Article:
The Gambling Situation In Norway
Norway is one of the few countries still operating a state-owned Monopoly in gambling. All gambling in Norway is supposed to be done either through Norsk Rikstoto or Norsk Tipping. The former provides horse racing wagering options, while the latter is for lotteries and sports betting.
As with almost all Monopoly, the two state-owned gambling platforms are known for giving poor betting experiences, unreasonable odds when compared to their offshore counterparts. This is to be expected as the lack of competition means they can operate anyhow they deem fit and still have a number of Norwegians patronizing them.
Even with the laws and Monopoly of gambling in Norway, the EGBA (European Gaming and betting association) has reported that over 66% of Norwegian gamblers patronize foreign online gambling platforms.
The Reason for the Restriction
Gambling in Norway was very popular in the late 1990s and early 2000s. Electronic games were the game of choice then. According to the Norwegian government, this led to an upsurge in gambling addiction in the country, especially among the young population, and the solution they proffered was to formulate a gambling Monopoly.
Only two state-sanctioned companies, Norsk Rikstoto and Norsk Tipping were allowed to run gambling activities in Norway. One of the main ideas behind the state-sanctioned Monopoly was to ensure that money gotten from gambling is used to improve other sectors within the country.
Another reason for the government’s strict outlook on betting was because of its effect on people, especially the young population. A recent documentary shows how gambling and gambling companies have negatively affected the youths exposing them to delinquency and crime.
The gambling addiction excuse given by the government makes zero sense as the rate of gambling addiction in Norway is still very high despite the restriction. In 2015, a survey discovered that over 55,000 Norwegians were suffering from gambling addiction and an upward of 122,000 were in grave danger of falling into it.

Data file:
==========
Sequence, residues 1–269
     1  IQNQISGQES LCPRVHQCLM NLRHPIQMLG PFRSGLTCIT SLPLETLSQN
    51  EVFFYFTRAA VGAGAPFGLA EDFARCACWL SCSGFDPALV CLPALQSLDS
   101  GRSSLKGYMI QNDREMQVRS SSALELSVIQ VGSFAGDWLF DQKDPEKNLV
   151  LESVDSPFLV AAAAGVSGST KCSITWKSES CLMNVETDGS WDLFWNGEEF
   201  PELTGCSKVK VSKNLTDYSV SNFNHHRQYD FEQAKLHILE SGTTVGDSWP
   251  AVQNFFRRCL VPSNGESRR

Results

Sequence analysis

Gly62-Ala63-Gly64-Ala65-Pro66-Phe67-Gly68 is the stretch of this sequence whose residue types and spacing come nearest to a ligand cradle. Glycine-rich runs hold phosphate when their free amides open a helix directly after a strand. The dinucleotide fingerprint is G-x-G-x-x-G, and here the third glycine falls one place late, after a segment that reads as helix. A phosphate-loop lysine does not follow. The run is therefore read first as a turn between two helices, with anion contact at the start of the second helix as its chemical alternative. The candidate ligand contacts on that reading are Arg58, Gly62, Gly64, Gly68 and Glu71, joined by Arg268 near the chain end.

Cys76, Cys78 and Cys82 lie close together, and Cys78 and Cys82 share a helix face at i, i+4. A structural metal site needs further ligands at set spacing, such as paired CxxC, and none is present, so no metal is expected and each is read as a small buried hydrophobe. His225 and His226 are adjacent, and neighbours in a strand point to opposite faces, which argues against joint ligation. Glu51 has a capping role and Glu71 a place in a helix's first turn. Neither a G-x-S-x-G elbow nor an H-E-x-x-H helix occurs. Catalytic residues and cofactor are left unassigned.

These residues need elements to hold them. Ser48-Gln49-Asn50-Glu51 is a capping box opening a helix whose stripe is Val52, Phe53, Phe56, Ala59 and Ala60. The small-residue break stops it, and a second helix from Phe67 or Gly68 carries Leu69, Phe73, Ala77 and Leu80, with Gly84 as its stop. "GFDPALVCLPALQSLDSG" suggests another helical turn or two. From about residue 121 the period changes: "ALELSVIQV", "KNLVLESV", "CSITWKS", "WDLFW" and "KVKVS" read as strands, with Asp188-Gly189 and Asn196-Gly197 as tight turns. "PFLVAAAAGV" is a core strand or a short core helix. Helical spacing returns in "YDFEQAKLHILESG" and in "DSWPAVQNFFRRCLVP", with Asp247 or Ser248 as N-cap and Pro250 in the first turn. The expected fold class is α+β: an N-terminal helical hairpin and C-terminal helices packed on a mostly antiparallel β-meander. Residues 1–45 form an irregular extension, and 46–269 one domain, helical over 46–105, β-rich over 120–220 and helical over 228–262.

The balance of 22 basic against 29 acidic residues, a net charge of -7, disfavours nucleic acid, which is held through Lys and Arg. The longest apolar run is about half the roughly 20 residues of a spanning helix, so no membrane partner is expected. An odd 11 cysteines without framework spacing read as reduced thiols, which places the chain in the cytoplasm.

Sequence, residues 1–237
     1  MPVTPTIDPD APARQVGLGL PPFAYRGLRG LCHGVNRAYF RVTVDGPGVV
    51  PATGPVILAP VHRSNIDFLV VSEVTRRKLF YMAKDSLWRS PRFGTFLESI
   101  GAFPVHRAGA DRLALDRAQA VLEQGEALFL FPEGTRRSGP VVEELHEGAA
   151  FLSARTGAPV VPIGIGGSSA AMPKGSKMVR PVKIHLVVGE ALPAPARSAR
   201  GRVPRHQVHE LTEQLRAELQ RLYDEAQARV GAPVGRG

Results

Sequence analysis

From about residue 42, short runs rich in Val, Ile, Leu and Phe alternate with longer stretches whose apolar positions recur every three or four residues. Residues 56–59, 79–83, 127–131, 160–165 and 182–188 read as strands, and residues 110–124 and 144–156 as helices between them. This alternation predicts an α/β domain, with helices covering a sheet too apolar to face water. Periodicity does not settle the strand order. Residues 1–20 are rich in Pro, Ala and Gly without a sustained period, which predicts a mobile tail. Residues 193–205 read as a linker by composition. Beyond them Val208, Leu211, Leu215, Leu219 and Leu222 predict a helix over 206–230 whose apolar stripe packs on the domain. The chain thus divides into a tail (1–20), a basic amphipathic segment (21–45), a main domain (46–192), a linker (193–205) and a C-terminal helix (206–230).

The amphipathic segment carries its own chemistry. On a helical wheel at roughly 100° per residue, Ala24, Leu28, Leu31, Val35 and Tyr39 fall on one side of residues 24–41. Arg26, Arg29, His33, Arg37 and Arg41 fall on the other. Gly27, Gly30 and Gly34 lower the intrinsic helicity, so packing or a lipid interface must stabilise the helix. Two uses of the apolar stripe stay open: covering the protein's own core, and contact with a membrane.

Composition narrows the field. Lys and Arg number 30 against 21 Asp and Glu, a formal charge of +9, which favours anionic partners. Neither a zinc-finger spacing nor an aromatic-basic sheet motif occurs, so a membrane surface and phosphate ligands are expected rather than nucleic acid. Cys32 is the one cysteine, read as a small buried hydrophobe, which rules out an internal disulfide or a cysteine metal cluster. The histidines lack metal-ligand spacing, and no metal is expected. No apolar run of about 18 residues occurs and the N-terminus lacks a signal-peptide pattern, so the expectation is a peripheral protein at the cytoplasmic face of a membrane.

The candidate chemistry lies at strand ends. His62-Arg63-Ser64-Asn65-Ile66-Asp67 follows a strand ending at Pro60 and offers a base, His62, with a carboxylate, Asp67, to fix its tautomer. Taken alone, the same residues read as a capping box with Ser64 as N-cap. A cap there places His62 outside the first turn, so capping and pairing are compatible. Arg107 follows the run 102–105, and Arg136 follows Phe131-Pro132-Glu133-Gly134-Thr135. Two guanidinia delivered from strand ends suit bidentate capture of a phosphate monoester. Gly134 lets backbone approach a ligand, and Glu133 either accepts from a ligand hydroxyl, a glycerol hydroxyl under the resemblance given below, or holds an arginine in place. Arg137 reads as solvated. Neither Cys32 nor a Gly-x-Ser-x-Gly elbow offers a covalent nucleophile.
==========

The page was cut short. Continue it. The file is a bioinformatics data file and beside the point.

And also, due to the absence of proper regulations, Norway loses about 2.2 billion NOK every year because they have lost the online betting market in their own country.
Legal History of Gambling in Norway
The first law regarding gambling in Norway was promulgated in 1927. It was called the totalisator act of 1927. This act made horse racing Betting legal in Norway and gave Norsk Rikstoto the sole power to conduct any horse racing gambling across Norway. Until today, Norsk Riksoto is the only legal horse racing betting platform in the country.
Another regulation was formulated in 1992. It was termed the “1992 gaming act”. This act made sports betting, lottery, poker, and other games of luck legal in Norway and made Norsk Tipping the only legal company to carry out those functions.
The gambling regulations in Norway, when compared to Denmark, can be described as archaic and ineffective as most of the laws go through little to zero enforcement. For example, in 2008, Norway outlawed foreign gambling sites. But today, many Norwegians bet on foreign sites on a daily basis, without any troubles.
There isn’t a strict ban on online gambling as Norwegian offshore gambling platforms, and other foreign platforms regularly offer their services to Norwegians and receive high patronage. In reality, the gambling regulations are ineffective and unenforced.
Today, there are a number of online casinos available in Norway. And lucky for locals, a prominent affiliate, nyenorske.casino, provides comprehensive reviews on reliable online casinos available to Norwegians.
In reality, the restrictions on gambling have also made Norway lose control of the online betting space in their own country. EGBA reports that over 66% of the online gambling done in Norway is done with Norwegian offshore companies or foreign platforms. In numbers, this leads to a 2.2 billion NOK loss in additional revenue yearly.
Gambling is too profitable a venture to be left in the hands of foreigners and offshore companies in your own country. For instance, in 2021 alone, the state of Nevada in the USA realized 13.4billion dollars from gambling alone. This money should be enough to finance the sports sector of Norway for a whole year.
Denmark used to operate a state monopolized gambling market like Norway, but that has been changed. Right now, they enjoy huge revenues from gambling platforms whilst strictly regulating the actions of its gambling platforms.
EGBA advises that Norway should employ a multi-licensing system as practised in Sweden and Denmark. And the regulations that go with the licensing should be strictly enforced as is done in the aforementioned countries.
The main reason given for the restriction is “to reduce gambling addiction”. Meanwhile, the restriction has not achieved this goal. Denmark has a self-exclusion facility where people ban themselves from gambling activities and they are aided by the authorities, which has reduced gambling addiction by a great number there.
The Norwegian government should try to mirror great gambling models in Europe like Denmark and Sweden in terms of multi-licensing and strict enforcement of regulations. Only then will they reap the full benefit of online gambling whilst achieving their goal of minimal addiction among citizens.|